What's Inside WHO's New Mental Health Guidelines for Organisations?

What's Inside WHO's New Mental Health Guidelines for Organisations?

The World Health Organisation (WHO) has released mental health guidelines for workplaces that provide evidence-based recommendations on interventions that can be implemented to better prevent, protect, promote, and support employees’ mental health. Onebright looks at these guidelines and evaluates the importance of organisational interventions, mental health training for managers, and interventions for individuals. 

Mental health is a state of mental well-being that enables people to cope with the stresses of life, realise their abilities, learn and work well, and contribute to their communities. This latest report from the WHO is a timely look at employers’ role in supporting people living with mental health conditions. Below we look at how employers can create an inclusive environment that allows all employees to participate in work fully and fairly. 

Almost three-quarters of polled employers (72%) say their organisation’s focus on mental health and wellbeing has increased significantly and moderately since the pandemic.

That said, a disconnect appears as just over a quarter (26%) of professionals agree their employers have increased their workplace mental health focus or offered mental health training.  Clearly, employers have a critical role in fostering and maintaining a mentally healthy workplace. Employees are now more likely to expect their employers to make this available when needed.

There are, after all, many benefits for employers to safeguard the well-being of their workforce. These include a resilient and productive team, reduced absenteeism, and a happier, healthier workplace. 


What are WHO’s recommendations for supporting mental health in the workplace?

  • Organisational interventions for workers with mental health conditions

Reasonable work accommodations should be implemented for workers with mental health conditions. Including psychosocial disabilities, in line with international human rights principles.

  • Training managers

To support their employees’ mental health should be delivered to improve their knowledge, attitudes, and behaviours towards mental health and improve employees’ help-seeking behaviours.

  • Training workers

In mental health literacy and awareness may be delivered to improve trainees’ mental health-related knowledge and attitudes at work, including reducing stigma around mental health.

  • Psychosocial interventions

That aims to build employees’ stress management skills. These include mindfulness or cognitive behavioural approaches, which may be considered to promote positive mental health, reduce emotional distress and improve work effectiveness. 

  • Returning to work after absence associated with mental health conditions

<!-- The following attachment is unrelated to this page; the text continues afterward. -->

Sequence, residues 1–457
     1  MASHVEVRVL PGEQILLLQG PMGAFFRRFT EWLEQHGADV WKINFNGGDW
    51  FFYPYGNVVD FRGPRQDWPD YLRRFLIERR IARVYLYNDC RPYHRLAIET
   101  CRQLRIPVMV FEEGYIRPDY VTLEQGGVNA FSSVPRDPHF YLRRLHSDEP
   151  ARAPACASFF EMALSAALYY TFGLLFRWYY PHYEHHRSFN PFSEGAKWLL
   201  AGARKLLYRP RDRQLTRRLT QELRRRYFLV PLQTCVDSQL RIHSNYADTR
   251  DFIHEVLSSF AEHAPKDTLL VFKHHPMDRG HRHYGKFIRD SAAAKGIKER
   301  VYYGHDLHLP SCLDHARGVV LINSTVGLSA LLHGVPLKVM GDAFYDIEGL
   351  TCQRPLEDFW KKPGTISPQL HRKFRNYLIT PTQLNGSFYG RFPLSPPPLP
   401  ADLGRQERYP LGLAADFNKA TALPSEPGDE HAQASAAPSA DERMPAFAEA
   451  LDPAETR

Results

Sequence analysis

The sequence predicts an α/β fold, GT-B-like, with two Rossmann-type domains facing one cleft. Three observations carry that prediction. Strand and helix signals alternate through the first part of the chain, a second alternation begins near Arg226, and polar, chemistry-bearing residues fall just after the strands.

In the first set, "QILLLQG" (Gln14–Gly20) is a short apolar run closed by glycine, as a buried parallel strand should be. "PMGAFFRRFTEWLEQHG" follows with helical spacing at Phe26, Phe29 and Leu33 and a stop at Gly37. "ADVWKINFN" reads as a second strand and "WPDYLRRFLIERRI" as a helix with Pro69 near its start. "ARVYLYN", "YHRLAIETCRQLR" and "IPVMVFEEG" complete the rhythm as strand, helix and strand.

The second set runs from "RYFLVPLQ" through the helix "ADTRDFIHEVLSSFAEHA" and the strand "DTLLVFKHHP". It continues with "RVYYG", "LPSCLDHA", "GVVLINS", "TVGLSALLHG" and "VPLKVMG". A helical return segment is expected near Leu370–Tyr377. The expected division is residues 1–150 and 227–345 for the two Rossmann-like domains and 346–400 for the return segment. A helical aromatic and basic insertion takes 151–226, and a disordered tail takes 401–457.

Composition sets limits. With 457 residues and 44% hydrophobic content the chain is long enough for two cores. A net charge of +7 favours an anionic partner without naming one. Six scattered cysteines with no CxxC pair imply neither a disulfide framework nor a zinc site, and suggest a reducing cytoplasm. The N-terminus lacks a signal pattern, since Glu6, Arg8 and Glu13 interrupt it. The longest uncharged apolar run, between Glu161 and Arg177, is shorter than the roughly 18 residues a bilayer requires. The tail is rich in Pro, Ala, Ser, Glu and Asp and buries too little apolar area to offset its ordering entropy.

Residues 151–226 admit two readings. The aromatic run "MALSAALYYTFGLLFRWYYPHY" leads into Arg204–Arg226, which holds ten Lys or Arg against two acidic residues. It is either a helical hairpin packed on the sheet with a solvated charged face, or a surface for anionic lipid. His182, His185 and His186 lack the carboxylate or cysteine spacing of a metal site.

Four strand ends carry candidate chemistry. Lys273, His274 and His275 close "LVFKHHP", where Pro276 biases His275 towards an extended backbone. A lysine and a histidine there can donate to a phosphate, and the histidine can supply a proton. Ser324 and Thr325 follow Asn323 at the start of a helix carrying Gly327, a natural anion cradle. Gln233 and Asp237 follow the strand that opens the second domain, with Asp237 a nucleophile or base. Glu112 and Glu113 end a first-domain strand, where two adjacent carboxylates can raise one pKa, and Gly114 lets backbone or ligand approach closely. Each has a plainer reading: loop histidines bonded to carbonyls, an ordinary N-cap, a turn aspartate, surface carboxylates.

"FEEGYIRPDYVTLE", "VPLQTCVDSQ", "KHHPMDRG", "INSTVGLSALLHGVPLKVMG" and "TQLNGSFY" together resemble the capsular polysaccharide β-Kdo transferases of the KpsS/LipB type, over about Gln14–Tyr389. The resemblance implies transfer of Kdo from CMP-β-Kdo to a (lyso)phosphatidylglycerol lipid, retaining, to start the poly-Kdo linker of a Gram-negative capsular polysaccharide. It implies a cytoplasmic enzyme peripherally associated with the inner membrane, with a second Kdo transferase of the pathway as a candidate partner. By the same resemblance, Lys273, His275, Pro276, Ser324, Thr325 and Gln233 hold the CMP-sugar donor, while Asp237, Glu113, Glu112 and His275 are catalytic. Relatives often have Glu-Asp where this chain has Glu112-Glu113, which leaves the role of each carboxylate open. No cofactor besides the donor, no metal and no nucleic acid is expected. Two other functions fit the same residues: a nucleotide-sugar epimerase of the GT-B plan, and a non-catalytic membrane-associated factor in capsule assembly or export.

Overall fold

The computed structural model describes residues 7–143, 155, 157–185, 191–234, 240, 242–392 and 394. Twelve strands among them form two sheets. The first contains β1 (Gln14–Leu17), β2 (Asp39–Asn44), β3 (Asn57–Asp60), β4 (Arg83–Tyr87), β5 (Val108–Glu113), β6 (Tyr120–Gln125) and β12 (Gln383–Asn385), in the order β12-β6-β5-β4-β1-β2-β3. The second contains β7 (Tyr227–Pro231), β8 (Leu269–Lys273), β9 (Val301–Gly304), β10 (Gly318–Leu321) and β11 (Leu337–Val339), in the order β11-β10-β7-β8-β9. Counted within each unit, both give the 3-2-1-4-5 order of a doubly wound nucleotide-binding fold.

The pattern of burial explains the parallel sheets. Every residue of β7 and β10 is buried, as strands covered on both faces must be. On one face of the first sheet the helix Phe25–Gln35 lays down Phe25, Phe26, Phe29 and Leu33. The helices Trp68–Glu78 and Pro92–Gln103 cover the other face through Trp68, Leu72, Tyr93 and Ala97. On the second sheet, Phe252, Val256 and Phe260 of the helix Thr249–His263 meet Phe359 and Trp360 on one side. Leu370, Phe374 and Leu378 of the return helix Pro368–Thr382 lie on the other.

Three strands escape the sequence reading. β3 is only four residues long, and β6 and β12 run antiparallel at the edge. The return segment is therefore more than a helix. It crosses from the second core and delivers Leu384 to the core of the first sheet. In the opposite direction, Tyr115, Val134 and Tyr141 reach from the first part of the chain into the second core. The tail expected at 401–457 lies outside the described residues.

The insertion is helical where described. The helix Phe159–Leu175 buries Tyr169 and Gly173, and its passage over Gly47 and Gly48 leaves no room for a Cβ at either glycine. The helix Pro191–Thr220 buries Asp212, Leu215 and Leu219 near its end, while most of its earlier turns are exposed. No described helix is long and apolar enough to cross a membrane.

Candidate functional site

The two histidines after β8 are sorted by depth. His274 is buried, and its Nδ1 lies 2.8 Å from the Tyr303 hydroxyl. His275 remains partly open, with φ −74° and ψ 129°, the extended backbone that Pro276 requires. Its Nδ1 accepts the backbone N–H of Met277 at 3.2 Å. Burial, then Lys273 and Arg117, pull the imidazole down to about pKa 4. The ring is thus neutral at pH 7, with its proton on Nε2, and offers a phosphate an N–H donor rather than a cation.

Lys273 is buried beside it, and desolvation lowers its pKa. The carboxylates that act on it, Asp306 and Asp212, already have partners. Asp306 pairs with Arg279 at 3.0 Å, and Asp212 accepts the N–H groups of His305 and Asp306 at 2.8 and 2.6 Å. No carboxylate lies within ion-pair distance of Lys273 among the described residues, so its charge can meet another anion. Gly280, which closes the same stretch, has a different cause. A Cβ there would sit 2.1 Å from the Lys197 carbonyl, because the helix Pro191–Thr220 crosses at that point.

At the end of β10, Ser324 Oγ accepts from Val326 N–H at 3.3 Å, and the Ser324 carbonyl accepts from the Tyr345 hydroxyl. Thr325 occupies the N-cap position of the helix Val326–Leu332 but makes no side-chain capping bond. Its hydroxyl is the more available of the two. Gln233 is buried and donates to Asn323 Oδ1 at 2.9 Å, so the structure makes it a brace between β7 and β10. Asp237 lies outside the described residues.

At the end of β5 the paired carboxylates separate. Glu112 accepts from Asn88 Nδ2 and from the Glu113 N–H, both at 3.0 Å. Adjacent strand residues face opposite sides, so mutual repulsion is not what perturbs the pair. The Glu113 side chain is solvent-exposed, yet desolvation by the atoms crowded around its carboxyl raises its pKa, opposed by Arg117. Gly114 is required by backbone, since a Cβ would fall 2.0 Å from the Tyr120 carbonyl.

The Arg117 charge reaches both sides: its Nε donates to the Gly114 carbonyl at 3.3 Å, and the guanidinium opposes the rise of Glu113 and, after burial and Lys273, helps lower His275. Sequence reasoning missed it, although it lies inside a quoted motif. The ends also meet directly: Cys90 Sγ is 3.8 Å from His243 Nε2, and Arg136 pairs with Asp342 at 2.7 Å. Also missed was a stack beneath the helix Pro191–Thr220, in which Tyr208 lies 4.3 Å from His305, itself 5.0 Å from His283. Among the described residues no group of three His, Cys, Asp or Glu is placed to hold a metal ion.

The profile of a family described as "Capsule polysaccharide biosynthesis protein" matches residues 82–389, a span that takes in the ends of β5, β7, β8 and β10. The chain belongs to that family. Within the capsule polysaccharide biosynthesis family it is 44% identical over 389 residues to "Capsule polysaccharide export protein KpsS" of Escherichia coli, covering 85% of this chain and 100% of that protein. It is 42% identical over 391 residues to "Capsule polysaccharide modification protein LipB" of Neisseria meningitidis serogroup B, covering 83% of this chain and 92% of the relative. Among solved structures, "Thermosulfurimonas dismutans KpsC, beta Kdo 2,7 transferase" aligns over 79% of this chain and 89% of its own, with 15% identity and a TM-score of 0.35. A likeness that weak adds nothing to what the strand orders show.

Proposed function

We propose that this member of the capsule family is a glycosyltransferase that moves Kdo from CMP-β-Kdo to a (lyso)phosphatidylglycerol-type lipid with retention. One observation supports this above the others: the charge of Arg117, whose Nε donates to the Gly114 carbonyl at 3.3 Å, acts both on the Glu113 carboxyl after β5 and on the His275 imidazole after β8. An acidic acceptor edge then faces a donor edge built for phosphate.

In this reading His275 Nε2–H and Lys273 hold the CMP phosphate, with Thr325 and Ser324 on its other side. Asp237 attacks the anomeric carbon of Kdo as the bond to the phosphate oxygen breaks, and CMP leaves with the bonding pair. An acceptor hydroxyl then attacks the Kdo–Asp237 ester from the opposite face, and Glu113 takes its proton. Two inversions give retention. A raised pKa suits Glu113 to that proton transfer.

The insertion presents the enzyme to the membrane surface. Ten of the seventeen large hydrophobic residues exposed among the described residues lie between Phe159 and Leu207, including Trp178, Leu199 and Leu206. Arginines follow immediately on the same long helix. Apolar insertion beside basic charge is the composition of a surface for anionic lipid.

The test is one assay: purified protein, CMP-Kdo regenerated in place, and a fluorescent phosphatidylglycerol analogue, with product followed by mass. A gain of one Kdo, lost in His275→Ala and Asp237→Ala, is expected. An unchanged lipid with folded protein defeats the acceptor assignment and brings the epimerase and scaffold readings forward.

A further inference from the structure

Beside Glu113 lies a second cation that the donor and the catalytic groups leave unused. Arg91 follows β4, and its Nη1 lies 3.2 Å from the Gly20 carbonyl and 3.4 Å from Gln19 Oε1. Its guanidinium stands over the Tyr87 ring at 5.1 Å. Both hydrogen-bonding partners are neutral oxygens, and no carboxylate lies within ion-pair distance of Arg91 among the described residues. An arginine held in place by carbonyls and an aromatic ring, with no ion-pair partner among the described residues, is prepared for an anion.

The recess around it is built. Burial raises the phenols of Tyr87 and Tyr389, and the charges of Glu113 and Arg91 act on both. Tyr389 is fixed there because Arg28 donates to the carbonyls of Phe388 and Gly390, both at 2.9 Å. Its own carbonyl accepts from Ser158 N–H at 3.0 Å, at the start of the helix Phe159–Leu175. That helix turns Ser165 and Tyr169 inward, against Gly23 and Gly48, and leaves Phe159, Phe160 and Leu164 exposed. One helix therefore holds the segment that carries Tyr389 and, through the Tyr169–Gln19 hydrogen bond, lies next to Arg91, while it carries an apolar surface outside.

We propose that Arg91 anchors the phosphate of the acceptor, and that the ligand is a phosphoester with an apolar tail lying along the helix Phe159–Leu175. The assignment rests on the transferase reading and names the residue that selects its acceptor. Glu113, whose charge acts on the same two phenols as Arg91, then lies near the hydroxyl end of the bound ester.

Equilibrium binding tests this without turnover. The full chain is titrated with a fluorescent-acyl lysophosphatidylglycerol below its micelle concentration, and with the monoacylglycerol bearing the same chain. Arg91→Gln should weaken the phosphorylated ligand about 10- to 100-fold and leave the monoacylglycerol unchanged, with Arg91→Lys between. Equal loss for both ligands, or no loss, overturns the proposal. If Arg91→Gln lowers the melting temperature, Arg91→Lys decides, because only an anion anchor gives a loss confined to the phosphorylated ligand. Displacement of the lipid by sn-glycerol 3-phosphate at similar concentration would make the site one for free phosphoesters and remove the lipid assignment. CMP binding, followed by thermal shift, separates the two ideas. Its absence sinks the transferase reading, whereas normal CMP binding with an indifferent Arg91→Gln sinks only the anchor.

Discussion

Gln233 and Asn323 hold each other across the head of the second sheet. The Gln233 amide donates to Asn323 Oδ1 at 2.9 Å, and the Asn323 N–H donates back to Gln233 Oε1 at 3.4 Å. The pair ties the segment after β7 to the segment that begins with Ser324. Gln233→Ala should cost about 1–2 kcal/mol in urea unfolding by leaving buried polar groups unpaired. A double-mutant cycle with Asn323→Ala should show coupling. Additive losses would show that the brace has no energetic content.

(a) work-directed care plus evidence-based mental health clinical care or (b) evidence-based mental health clinical care alone should be considered to reduce mental health symptoms and reduce days of absence.

What are mental health guidelines?

They are guidelines that help companies, business leaders, and employers follow best practices based on the best available clinical evidence.

Companies that commit to designing a mental health policy that follows evidence-based mental health guidelines have better outcomes for their people. They also improved returns on investment for their business. 

Why are mental health guidelines important for employers?

According to the WHO researchers, training managers and business leaders to spot the signs of mental health conditions and signposting support resources can help to increase their confidence and reduce the stigma around mental health in the workplace. Therefore, trained managers were also linked to employees feeling confident in actively seeking the well-being support they might need.

Do employers need a mental health policy?

Yes, it is recommended. Safe and healthy working environments are a fundamental right. Clinically-led mental health training that follows a clear mental health policy can help minimise workplace tension and conflicts and improve staff retention, performance, and productivity. Conversely, a lack of adequate structures and support at work (especially for those with mental health conditions) can affect a person’s ability to enjoy or do their job well.

Furthermore, it can undermine people’s attendance at work and even stop people from getting a job in the first place.

Which guidelines does Onebright follow to maintain UK mental health standards?

Onebright follows the guidelines of the UK’s National Institute for Health and Care Excellence (NICE). They are an executive non-departmental public body sponsored by the Department of Health and Social Care. NICE provides national guidance and advice to improve health and social care.  

Why choose Onebright for your organisation’s mental health training and requirements?

Onebright works with most of the UK’s largest private medical insurers. Getting on-demand mental healthcare with Onebright as your provider is a relatively straightforward process for many organisations. Enquire about Onebright mental health training and learn more about how we can implement our mental health services into your business. Fill out the form below, and one of our team will contact you.  

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